Recall that about a month ago, we dedicated a full week to writing and discussing mental health problems in Nigeria. The menace is on the rise. A recent report has been released by the Human Rights Watch, an international NGO that conducts research and advocacy on human rights, to support this claim.
Home to about 200 million people, Nigeria was recently described by the World Health Organization as a nation with a mental health problem. The seventh-largest country in the world, Nigeria has Africa’s highest rate of depression, and ranks fifth in the world in the frequency of suicide, according to WHO. Surprisingly, there are less than 150 psychiatrists in this country of 200 million, and WHO estimates that fewer than 10 percent of mentally ill Nigerians have access to the care they need.
The records are alarming, but what is worse is the lack of personnel and infrastructure to squarely face the problem and eradicate it. As a matter of fact, roughly nine out of every ten doctors in Nigeria are seeking to leave the country and find work elsewhere, according to a 2017 poll by the nonprofit organization Nigeria Health Watch.
In Togo, Ghana, and other Western African nations, mental health services are so scarce that many families still resort to shackling and prayer to drive out the demons they believe possess their relatives. Thousands of people with mental health conditions across Nigeria are chained and locked up in various facilities where they face terrible abuse, Human Rights Watch reports.
“In Nigeria, people with mental health conditions are often considered as being possessed by evil spirits or demons,” writes the nonprofit group Human Rights Watch, which is currently campaigning to convince leaders of African countries to end the practice of shackling mentally ill people. “In some camps, people are chained to trees, where they would bathe, defecate, urinate, eat, and sleep, some for years.”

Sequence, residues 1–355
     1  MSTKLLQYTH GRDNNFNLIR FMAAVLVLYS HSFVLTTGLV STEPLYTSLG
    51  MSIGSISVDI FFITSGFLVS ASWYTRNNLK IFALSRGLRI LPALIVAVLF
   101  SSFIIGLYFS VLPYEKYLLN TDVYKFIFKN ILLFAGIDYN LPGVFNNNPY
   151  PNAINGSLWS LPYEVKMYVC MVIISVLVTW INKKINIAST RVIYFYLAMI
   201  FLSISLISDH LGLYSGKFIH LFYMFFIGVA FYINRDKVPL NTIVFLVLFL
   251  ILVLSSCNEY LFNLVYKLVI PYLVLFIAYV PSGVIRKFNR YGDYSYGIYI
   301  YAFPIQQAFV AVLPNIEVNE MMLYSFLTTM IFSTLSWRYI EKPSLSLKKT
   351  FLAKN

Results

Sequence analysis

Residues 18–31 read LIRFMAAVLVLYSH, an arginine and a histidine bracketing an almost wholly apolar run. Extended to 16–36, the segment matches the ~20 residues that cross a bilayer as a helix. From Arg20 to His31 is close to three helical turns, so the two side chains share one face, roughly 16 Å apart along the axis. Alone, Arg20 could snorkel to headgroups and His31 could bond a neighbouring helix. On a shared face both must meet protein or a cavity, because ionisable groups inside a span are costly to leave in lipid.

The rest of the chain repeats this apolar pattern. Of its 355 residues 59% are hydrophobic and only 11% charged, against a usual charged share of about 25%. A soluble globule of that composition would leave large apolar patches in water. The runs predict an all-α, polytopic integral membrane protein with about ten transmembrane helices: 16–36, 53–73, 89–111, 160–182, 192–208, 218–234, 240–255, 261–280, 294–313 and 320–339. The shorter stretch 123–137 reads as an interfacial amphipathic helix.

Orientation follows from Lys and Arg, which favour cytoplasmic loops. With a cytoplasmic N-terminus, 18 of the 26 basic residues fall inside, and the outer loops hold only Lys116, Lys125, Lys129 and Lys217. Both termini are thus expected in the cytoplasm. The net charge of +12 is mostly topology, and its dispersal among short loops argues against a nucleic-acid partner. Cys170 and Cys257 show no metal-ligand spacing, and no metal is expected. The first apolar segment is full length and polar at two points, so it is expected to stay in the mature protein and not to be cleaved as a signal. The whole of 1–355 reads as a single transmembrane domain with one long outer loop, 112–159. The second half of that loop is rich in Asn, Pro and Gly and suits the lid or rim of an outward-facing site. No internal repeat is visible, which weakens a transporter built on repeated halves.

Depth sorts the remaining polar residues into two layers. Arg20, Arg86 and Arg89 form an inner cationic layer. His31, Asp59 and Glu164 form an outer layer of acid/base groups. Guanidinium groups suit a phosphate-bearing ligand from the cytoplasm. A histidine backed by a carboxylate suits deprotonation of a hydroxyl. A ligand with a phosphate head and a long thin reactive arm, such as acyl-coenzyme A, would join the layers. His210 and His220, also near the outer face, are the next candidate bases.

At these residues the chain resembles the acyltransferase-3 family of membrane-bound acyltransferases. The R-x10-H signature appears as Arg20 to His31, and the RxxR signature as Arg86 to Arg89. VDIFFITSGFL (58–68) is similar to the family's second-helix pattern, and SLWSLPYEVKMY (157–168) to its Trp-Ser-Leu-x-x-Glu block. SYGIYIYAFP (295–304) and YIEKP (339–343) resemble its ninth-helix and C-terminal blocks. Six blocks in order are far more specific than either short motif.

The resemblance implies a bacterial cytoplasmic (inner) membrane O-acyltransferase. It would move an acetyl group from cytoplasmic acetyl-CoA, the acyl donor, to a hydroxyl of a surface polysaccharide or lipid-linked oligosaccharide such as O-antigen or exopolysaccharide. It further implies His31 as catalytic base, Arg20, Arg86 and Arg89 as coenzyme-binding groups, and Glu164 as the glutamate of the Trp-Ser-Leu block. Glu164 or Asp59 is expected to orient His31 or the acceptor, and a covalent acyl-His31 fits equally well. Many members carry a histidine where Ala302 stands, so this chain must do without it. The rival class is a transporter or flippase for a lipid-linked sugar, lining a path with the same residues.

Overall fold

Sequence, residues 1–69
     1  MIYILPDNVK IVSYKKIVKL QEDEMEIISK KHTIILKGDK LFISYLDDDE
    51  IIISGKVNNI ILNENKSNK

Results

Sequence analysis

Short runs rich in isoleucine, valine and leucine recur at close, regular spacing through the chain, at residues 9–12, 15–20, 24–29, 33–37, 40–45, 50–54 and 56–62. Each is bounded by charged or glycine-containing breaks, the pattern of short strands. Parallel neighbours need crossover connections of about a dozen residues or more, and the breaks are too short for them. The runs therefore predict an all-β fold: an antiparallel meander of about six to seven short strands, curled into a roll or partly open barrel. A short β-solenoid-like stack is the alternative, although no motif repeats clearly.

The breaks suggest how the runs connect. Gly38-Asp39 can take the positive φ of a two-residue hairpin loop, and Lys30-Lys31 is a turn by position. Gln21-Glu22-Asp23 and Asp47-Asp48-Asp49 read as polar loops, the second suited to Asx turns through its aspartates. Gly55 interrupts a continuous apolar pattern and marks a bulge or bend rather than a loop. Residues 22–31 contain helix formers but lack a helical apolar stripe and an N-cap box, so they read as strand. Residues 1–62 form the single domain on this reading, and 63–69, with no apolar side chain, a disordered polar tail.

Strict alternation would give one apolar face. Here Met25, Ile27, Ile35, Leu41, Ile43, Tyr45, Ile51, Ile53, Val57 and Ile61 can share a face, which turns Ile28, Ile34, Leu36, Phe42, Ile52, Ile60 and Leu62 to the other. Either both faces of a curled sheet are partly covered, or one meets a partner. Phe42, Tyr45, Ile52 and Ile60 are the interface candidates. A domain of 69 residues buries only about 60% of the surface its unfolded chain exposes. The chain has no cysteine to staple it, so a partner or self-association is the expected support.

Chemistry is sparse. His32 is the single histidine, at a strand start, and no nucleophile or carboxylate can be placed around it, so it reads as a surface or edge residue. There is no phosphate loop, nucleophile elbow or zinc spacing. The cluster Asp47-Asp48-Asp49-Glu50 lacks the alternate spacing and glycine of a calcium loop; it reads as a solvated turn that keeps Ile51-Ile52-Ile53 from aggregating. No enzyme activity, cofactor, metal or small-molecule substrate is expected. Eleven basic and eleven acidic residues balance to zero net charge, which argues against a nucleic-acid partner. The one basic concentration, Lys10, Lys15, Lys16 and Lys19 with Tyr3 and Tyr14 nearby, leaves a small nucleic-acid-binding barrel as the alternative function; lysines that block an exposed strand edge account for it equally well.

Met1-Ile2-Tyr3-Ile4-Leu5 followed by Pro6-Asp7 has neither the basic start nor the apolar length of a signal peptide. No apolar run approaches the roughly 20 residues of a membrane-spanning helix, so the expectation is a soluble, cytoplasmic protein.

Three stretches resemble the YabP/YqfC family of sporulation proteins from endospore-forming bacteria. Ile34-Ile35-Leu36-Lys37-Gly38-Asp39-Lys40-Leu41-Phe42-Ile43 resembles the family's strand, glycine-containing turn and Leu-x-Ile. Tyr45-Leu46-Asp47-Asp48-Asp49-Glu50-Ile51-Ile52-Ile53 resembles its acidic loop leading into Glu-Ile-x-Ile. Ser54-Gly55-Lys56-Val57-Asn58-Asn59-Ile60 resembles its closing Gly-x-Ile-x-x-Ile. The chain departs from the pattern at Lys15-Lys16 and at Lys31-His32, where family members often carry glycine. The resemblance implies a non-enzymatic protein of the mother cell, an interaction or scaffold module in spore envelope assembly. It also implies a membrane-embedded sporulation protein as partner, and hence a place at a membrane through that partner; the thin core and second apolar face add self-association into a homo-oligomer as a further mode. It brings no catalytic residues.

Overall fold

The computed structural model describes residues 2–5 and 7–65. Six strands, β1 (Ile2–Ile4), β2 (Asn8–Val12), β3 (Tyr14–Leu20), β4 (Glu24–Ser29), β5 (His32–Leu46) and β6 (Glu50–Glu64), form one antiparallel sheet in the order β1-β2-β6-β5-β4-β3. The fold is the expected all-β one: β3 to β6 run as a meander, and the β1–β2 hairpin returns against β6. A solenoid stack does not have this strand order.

A 22-year-old woman at a Christian healing center in Abeokuta, a city in southwest Nigeria, told the rights group she had been held captive in a church for five months and denied food as part of a “spiritual cleanse” for her condition.
“I was tied with chains for three days straight so I could fast. For the three days I had no food or water. It wasn’t my choice, but the pastor said it was good for me. Sometimes if they say I should fast and I drink water or take food, they (the church staff) put me on a chain,” she said. “The chaining is punishment. I have been put on chain so many times I can’t count,” she added.
To salvage the situation, authorities in Nigeria went out on a rescue mission last month. They rescued hundreds of people held under degrading conditions in a crackdown on religious rehabilitation centers in recent months. Police rescued more than 300 men and boys held in dehumanizing conditions from an Islamic school in the northern Nigerian city of Kaduna in September. Some of them told police they had been beaten, sexually abused and tortured by their teachers.
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Police in Katsina also freed 67 held captive under “inhumane” conditions from an Islamic rehabilitation center in October. Rescued people told police they were beaten with chains and denied food for days by instructors at the rehabilitation home. They were brought to the center by their relatives in the hope of “reforming” them, according to the police. Lastly, Nigerian police set free 259 people, including women and children, from an Islamic rehabilitation home in the southwestern city of Ibadan this month.